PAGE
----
Second call for feedback
Update, 26 November 2013: Since ‘re-announcing’ this initiative on 15 November it has been gratifying to receive a number of offers of assistance, including offers to act as a Trustee, which the steering committee is in the course of responding to. There has also been a good amount of feedback on the draft Trust Deed – as listed under the Feedback summary at the bottom of this extended post.
A theme of the feedback has been a concern that the thinking around the prospective Foundation’s mission, guiding principles and editorial panel guidelines be shared more widely, and that this thinking also be opened up for comments – as follows. Both this and the call for feedback made on 15 November (also below) will remain open until Friday 6 December.
DRAFT PIJ Mission statement
The Aotearoa New Zealand Foundation for Public Interest Journalism (PIJ) will act as an independent, non-profit, non-partisan organisation with the purposes of:
- Funding and fostering in-depth investigative journalism to provide the New Zealand public with the information and analysis required for active engagement in our political and cultural life
- Serving as a consistent reliable watchdog to help expose corruption and hold in check those with the power to affect our lives
- Educating the public in New Zealand about the role and function of independent journalism in an open, democratic society
DRAFT PIJ Guiding Principles
PIJ will seek to uphold the highest journalistic standards as we go about our business of developing and supporting journalism projects and fostering journalistic talent. The journalism we support will be vigorous in the pursuit of accuracy, fairness and accountability. Our methods will be transparent and we will strive to uphold standards of independence and impartiality.
We will fund, support and encourage editorial projects that cannot be easily resourced and undertaken by existing news outlets. We will be open to partnering with existing established news outlets to ensure that the results of the work we fund and support get maximum exposure and have maximum impact. We will also support projects intended for publication or broadcast in alternative media outlets.
In carrying out this work we will be guided by the principles of:
Truth: Our core purpose is to get to the truth – not in an absolute or philosophical sense but in a practical way. This journalistic truth we fund and support begins and ends with rigorously assembling and verifying facts and placing them in a meaningful context. We will devote our resources to ensuring that the fullest version possible of the truth is delivered to readers, viewers and listeners.
Public interest: The essence of our endeavour is to provide information in the public interest. To that end our core allegiance is to New Zealand citizens, residents and their community. We seek to impartially represent the views and interests of all constituent groups of our society regardless of race, gender, creed or religion. We aim to give voice to the voiceless and to uncover the hidden.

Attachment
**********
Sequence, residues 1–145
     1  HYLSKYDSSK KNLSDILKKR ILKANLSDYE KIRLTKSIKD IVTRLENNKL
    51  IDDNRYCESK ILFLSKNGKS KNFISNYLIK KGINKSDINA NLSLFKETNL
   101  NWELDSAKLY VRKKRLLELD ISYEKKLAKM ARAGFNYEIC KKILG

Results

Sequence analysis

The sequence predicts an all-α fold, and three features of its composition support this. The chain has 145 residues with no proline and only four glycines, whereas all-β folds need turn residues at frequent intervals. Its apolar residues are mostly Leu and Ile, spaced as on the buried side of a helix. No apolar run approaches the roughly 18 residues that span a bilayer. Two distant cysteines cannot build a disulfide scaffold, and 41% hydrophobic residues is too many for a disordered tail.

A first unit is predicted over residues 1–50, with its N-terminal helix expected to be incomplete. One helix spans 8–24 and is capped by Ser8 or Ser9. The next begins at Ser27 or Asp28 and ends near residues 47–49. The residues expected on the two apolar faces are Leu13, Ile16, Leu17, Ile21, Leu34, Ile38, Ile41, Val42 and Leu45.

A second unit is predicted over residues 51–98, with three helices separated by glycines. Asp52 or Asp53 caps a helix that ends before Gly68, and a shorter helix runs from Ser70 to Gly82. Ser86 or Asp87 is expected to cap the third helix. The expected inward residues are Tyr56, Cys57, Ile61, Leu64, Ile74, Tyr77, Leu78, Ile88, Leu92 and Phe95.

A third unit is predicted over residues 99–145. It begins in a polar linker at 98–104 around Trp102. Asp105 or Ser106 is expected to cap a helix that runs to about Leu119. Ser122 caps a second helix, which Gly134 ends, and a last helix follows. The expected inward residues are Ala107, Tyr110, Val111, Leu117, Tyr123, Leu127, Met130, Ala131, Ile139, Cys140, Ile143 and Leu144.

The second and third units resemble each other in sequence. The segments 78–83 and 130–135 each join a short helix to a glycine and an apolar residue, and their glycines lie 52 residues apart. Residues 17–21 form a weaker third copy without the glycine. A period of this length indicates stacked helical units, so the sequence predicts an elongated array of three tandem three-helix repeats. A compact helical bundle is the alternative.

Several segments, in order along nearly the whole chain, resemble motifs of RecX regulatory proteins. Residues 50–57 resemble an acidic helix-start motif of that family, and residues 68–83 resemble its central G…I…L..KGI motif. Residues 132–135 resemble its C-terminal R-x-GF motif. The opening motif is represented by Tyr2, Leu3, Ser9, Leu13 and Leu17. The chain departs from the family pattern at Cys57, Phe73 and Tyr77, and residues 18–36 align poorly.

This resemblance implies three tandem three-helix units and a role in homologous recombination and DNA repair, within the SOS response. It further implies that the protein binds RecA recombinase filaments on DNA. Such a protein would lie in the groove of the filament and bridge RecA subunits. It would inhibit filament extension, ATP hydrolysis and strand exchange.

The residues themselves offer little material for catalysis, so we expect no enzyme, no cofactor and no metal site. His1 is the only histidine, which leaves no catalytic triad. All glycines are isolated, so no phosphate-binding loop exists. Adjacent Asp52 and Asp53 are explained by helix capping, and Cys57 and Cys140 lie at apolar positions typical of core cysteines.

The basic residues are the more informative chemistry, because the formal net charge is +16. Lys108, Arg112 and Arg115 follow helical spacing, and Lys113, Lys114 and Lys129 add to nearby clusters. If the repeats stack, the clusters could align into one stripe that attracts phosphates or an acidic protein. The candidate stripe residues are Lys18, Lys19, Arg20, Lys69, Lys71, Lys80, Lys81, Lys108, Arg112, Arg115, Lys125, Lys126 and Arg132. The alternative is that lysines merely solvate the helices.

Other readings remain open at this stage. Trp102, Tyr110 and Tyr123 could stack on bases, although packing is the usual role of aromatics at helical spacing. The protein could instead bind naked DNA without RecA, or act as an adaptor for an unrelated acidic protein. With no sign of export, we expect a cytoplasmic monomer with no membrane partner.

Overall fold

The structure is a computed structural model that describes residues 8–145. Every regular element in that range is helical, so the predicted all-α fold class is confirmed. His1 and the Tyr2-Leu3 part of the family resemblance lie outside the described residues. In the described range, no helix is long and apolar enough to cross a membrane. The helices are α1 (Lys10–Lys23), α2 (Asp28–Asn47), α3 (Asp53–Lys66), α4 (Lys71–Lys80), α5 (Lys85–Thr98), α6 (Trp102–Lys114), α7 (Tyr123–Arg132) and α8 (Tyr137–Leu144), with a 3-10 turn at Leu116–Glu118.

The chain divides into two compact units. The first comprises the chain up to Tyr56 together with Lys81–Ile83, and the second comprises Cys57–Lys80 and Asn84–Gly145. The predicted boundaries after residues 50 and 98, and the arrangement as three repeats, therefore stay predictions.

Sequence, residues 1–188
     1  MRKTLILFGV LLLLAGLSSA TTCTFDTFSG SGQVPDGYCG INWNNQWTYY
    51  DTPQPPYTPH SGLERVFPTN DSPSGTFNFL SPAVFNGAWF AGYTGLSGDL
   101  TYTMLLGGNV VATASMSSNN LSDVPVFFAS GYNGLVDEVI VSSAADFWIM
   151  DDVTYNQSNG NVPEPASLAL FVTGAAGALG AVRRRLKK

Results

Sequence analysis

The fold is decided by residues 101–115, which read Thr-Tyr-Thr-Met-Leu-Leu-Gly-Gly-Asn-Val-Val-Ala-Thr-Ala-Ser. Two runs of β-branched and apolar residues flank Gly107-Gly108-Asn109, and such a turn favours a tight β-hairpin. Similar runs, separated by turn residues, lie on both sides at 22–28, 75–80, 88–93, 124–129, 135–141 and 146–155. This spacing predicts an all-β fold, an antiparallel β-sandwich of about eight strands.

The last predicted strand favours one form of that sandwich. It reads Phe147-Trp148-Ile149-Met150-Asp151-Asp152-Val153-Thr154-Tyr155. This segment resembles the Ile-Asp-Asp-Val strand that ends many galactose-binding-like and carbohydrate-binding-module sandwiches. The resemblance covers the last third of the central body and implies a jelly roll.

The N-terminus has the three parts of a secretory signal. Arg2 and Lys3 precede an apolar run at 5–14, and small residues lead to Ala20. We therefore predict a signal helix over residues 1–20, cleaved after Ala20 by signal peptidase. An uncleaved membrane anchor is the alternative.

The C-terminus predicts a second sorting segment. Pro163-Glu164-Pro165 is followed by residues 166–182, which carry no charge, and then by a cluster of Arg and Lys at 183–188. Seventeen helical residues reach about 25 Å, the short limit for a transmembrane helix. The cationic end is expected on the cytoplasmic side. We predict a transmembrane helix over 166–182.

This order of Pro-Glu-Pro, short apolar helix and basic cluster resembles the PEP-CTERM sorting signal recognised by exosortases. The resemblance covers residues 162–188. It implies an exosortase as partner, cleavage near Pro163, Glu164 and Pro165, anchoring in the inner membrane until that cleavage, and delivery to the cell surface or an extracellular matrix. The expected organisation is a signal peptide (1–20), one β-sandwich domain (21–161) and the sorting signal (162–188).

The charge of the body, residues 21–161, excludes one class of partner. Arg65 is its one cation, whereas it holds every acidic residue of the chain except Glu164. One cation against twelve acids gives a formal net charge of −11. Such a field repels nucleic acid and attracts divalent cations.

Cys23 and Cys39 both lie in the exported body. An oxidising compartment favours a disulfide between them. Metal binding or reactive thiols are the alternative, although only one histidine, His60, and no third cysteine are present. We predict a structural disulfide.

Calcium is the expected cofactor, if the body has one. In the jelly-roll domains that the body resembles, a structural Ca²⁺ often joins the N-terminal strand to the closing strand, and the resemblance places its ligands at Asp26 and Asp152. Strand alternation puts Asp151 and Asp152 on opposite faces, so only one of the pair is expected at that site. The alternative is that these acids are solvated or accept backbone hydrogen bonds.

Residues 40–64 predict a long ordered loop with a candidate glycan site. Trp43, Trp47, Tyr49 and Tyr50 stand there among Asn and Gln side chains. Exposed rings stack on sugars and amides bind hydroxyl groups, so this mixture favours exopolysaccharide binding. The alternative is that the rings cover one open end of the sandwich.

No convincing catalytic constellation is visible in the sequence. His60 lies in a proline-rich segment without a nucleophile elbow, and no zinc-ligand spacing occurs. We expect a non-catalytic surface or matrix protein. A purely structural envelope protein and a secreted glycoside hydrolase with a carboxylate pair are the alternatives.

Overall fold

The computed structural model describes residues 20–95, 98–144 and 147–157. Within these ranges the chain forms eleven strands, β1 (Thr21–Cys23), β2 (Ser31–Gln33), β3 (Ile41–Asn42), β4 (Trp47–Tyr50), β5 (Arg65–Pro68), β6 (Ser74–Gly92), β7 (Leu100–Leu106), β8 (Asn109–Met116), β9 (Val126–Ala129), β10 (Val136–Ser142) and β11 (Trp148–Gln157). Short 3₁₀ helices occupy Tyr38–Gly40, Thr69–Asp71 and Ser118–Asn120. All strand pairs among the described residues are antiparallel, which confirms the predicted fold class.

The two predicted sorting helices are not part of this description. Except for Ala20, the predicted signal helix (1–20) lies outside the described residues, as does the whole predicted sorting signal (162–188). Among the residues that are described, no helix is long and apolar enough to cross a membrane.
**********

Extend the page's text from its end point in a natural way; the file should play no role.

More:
Fairness: Issues and people examined as part of projects we fund and support will be treated fairly and professionally. We will make every effort to contact subjects and seek their response. We will seek multiple witnesses, disclose as much as is ethically possible about sources and canvas various sides for comment. We will quote people accurately and in context and go as far and wide as is necessary to get to the truth. We recognise the need for compassion and empathy towards those affected by our work, and will endeavour to minimise harm.
Independence: Our primary allegiance is to the public and to act as a watchdog over those with power and position with the goal of exposing wrongdoing. We will strive to preserve our independence in serving the public. Under no circumstances will we slant our support for or selection of projects for personal gain or for the gain of PIJ. We value our independence above everything else, and the editorial advisory panel will make its editorial decisions independently.
Conflicts of interest: The public deserves factual reporting and informed analysis without our opinions influencing what they hear or see. We aggressively challenge our own perspectives and pursue a diverse range of others, aiming always to present the truth as completely as we can tell it. Our trustees, staff and advisors will declare potential conflicts of interest and exclude themselves from decision-making roles where appropriate.
Transparency: We strive to be open and transparent in the way we operate, from our editorial policies to our funding sources. We will strive for intellectual honesty and openness in our methods of reporting, research and interpretation. We take full responsibility for our work and will own up to our mistakes quickly and correct them transparently. We invite feedback from our stakeholders and from the public, and will where appropriate release key Foundation documents and decisions for public consultation. Dealings with anonymous sources and information given to us in confidence will remain confidential. The PIJ will identify when and why it has used anonymous sources to obtain information for projects it funds and supports.